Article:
Anti pollution services were the focal point of this year's Tokyo Motor Show rather than new models - such has been the effect of Japan's tough laws against pollution.
GV PAN interior Tokyo Motor Show with people viewing exhibits (2 shots).
SV illuminated sign "We love cars".
SV zoom out large Handa anti pollution piston.
SV PAN Honda car and engine.
SV sign "Clean and Economy".
CU NAPS anti pollution system (2 shots).
SV Rolls Royce corniche.
SV PAN spectators looking at Lambourghini sports cars.
SV large Chrysler saloon.
SV sign Volvo after frontal collision with truck and damaged Volvo.
SV PAN Japanese on motorbikes.
SV model on Suzuki motorbike.
SV model standing near motorcycle display.
SV Yamaha motor-cycle on revolving table.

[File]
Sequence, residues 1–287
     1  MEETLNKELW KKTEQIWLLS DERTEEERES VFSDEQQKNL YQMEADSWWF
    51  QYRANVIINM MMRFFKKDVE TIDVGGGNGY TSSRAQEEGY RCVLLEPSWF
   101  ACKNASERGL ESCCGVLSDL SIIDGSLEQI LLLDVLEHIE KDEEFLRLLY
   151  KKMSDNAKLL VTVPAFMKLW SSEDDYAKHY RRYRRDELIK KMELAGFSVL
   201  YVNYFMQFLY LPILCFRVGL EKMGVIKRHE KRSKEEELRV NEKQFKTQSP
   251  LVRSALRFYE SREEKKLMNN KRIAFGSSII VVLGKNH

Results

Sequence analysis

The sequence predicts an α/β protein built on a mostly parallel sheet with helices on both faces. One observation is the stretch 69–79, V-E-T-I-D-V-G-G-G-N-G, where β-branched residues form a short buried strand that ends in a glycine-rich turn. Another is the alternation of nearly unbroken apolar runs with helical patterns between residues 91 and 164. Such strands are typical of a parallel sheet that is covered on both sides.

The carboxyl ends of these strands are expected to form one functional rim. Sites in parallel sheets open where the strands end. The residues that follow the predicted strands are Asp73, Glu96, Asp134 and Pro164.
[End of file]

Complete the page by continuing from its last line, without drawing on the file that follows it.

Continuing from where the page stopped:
GV people looking at motorcycles.
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Background: Anti pollution services were the focal point of this year's Tokyo Motor Show rather than new models - such has been the effect of Japan's tough laws against pollution.
Japanese motor sales to the United States and Europe are booming - one million exported to America this year - but Friday's (31 October) show was more like an apology for the country's motor industry than a showpiece. There were hardly any new models and every stand had its firm's anti pollution device prominently displayed.
The most successful car this year has been the Honda Civic, sold almost entirely on its clean CVCC engine. Other firms have been trying to follow in Honda's footsteps using various anti-pollution catch phrases like NPAS "Nissan's Anti Pollution System"; Isuzu's "Clean Air System" and Mitsubishi's "Clean Air Economy".
The irony of the show was that the thousands of visitors were obviously more interested in the petrol consuming, polluting sports cars, expensive top of the market foreign cars and noisy motorbikes.